- Contributed by
- John Matthews
- People in story:
- John Matthews
- Location of story:
- Epsom, Surrey
- Background to story:
- Article ID:
- Contributed on:
- 26 October 2004
The Exploding Headmaster
1944 was the year of the doodlebug. Officially they were ‘Flying Bombs’ but to us small boys they were always either ‘doodlebugs’ or ‘buzzbombs’. Among a number of close encounters I remember one particular incident that happened at my school, Epsom Grammar School.
It was first lesson Monday afternoon, a music lesson. We were standing around the piano in the hall when the sirens went. This meant we had to stop the lesson and walk in single file out to the air-raid shelters on the school field. As the siren died away we could hear a flying bomb approaching. We could not see it as there were no windows on that side of the hall, but we could certainly hear it—the sound was unmistakable—and it was definitely both close and low. Outside the hall was a corridor with large plate glass windows on the right and, on the left, doors going into various school offices. By this time the doodlebug was right overhead and very low. It was making so much noise that the teacher was having to bellow to make himself heard. He was shouting, “Walk, don’t run!”
Suddenly the engine spluttered and there was a terrible silence. We all knew what that meant: and knew what to do about it. We threw ourselves flat on the floor with our arms shielding our eyes. If it was a direct hit, we would all be dead; if a near miss, cut to pieces by flying glass. I dropped on the floor on the left-hand side, away from the windows, and it just so happened that I was lying right across one of the doorways. As luck would have it, it was the door to the headmaster’s study—and he was inside. He must have heard the buzzbomb cut out and decided to get out…and get out quickly. He wrenched the door open and came rushing out, failed to see the small boy lying across the threshold, and tripped over me. I looked up just in time to see him do a wonderful nose-dive. Just as his nose hit the ground there was a deafening bang (I thought it was the Headmaster exploding). The whole building shook. Dust flew up in the air. The blast momentarily lifted me into the air.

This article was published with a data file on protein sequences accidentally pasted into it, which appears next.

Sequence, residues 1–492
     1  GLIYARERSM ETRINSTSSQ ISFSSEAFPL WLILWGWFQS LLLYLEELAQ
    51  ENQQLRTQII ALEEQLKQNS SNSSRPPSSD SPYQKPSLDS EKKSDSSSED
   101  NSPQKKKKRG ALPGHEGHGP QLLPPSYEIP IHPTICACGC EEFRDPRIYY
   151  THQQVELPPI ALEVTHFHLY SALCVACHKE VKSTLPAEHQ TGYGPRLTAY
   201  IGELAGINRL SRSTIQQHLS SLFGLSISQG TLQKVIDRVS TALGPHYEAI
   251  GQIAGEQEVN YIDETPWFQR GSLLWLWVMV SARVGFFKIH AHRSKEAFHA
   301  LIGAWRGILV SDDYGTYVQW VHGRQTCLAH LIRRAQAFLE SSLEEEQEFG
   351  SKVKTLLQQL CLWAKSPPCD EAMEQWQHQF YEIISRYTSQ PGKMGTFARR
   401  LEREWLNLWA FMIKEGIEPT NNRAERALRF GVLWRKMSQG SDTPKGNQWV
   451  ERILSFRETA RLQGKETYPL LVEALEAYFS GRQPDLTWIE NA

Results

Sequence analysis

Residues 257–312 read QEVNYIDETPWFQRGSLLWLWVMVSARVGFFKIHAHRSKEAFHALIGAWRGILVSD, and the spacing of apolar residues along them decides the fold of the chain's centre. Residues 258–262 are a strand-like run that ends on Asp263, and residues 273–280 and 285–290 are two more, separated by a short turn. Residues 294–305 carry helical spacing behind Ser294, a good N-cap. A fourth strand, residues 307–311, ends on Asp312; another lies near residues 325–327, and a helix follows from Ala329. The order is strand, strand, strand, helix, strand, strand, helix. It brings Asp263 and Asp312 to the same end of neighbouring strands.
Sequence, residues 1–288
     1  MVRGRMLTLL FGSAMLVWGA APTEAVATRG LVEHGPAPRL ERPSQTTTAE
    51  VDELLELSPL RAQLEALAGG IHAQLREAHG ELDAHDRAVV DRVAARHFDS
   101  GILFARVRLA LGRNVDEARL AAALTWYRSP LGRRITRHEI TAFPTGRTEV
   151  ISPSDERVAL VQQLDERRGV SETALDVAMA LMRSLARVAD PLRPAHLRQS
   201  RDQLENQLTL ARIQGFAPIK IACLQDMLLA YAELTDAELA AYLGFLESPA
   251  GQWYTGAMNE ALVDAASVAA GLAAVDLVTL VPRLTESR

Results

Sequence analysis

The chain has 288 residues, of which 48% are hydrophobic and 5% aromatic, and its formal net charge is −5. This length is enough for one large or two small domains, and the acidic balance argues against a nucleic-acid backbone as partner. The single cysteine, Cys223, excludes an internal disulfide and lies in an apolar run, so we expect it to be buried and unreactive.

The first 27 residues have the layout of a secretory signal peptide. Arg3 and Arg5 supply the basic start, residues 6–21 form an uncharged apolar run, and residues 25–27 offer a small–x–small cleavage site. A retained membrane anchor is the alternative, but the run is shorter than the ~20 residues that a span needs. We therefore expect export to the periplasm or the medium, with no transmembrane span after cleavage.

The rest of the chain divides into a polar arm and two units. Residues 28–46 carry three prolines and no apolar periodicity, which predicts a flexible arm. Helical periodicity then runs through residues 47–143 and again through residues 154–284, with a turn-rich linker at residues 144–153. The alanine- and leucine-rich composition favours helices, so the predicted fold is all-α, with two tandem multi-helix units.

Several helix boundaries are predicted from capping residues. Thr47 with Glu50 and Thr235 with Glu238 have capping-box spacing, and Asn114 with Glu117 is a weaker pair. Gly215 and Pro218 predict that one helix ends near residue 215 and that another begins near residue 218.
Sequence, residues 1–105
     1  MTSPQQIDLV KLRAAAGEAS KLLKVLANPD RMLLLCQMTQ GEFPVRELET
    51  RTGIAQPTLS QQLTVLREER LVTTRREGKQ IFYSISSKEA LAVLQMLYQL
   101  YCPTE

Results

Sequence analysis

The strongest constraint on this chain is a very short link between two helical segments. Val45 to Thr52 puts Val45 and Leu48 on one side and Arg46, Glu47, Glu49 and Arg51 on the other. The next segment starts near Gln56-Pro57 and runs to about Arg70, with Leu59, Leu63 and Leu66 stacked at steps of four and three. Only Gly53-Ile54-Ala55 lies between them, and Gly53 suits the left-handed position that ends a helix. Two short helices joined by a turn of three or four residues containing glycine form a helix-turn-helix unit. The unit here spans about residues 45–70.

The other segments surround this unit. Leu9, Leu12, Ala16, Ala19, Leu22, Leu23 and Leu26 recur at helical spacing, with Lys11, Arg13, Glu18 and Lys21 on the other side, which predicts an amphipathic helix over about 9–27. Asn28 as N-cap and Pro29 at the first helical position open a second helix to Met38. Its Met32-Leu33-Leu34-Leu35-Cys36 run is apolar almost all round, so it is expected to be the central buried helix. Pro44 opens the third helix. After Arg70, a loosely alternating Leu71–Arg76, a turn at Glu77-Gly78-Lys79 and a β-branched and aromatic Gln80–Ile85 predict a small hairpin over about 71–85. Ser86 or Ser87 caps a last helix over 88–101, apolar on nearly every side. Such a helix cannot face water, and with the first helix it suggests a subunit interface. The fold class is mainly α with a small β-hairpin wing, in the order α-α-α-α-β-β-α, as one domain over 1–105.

But the strange thing was that there was no sign of the doodlebug: no wreckage, no crater and, apart from a few broken windows, no damage. The next day we discovered that it had come down in a disused brickfield just behind the school. The steep sides of the quarry had forced the blast upward, so, although it made a lot of noise, it did little damage.
This turned me, briefly, into something of a local hero, at least in the eyes of my schoolmates, for Mr Clarke, the Headmaster, was definitely not the sort of man one went around tripping up, but for my parents it was the last straw. On the Friday of that same week my brother and I were evacuated again, for the fourth and last time.
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